Idaho Silver Company Says Mine Is Safer Since Accidents

By Jessica Robinson

The owner of the troubled Lucky Friday Mine in north Idaho hopes new safety upgrades will prevent future accidents. Hecla Mining announced Tuesday it’s reopened the silver mine in Mullan, Idaho, after a year-long closure.

Hecla President Phil Baker made the announcement at a press conference in Spokane.

Phil Baker: “It's nice to be able to give you guys a good news story.”

Crews work in a haulage way more than a mile underground at the Lucky Friday. Photo: Hecla Mining

For most of 2011, it was bad news out of the Lucky Friday. Federal mine regulators ordered major safety upgrades after two miners died and several others were injured in three separate accidents. Over the last year, Baker says Hecla spent 60 million dollars -- on worker training, extra safety and engineering staff, miles of upgrades to the mine's infrastructure and communication, and new mining technology.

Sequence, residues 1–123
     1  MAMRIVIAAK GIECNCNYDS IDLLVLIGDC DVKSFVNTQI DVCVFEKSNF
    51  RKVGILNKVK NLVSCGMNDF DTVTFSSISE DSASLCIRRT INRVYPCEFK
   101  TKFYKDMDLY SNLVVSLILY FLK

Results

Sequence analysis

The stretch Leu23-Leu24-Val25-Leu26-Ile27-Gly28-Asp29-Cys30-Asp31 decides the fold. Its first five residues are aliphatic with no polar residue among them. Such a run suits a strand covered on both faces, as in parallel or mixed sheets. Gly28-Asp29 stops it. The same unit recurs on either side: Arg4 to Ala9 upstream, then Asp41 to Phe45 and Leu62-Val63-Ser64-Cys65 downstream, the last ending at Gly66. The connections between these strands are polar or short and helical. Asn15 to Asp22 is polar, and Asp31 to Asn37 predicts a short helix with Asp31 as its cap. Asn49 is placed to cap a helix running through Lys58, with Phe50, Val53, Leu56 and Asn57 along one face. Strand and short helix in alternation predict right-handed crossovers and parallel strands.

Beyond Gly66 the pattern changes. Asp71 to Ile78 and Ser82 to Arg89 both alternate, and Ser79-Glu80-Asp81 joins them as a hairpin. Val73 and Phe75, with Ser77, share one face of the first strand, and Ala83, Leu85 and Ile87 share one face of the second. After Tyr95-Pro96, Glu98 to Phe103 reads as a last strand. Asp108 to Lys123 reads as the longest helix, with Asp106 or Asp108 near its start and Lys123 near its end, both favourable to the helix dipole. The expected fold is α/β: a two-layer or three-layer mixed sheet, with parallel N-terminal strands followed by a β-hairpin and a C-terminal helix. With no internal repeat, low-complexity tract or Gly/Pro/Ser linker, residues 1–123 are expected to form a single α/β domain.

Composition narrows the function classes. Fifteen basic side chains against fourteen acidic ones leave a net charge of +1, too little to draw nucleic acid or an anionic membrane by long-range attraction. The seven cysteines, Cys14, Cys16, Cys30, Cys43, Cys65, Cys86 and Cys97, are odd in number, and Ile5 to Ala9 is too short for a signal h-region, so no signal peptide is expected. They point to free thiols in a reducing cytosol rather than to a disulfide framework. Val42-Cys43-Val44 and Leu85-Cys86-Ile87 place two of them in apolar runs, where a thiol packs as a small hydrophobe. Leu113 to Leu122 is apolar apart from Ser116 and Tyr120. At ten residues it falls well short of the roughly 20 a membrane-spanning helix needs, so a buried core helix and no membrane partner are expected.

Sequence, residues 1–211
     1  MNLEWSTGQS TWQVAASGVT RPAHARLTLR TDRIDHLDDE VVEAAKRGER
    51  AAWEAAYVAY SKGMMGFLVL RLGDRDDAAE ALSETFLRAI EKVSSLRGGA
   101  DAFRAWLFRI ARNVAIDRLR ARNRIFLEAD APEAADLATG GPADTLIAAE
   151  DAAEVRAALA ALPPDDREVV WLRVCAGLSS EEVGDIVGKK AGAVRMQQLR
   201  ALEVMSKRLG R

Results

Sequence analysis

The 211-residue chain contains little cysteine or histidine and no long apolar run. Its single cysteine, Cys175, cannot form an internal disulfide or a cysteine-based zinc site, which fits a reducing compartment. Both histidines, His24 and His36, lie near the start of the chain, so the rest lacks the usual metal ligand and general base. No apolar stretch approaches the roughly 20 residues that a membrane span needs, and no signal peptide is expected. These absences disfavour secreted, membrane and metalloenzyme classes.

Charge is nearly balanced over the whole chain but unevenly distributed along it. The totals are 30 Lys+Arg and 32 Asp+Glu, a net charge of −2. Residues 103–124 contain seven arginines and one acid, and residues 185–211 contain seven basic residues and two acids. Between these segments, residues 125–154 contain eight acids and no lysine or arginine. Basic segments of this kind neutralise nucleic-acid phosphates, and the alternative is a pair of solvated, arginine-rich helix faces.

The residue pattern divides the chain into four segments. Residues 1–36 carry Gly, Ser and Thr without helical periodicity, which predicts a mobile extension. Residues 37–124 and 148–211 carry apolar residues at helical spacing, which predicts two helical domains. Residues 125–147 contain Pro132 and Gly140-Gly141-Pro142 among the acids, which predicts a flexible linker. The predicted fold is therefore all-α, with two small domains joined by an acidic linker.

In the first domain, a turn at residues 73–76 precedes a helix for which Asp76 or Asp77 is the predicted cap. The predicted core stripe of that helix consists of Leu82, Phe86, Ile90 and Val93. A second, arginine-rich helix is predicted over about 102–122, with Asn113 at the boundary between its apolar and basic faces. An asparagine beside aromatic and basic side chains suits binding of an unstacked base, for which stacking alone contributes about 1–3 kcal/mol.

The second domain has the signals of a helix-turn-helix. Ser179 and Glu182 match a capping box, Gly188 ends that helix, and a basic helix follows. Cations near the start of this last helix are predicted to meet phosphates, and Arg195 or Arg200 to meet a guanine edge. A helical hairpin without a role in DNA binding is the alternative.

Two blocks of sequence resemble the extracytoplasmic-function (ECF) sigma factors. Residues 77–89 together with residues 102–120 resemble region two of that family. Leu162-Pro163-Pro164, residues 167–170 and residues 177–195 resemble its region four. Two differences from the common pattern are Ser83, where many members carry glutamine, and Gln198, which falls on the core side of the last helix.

Phil Baker: “We work for the mine to be safer today than it was yesterday and we work for tomorrow for it to be safer than it is today.'

Three hundred people are again employed at the mine, including almost all of the people who were laid off last year. One notable exception is Mike Marek, the brother of Larry Marek, a miner who was killed at the Lucky Friday. Mike has refused to work for the company again.

Photo: Crews work in a haulage way more than a mile underground at the Lucky Friday as part of upgrades during a year-long closure. Photo: Hecla Mining

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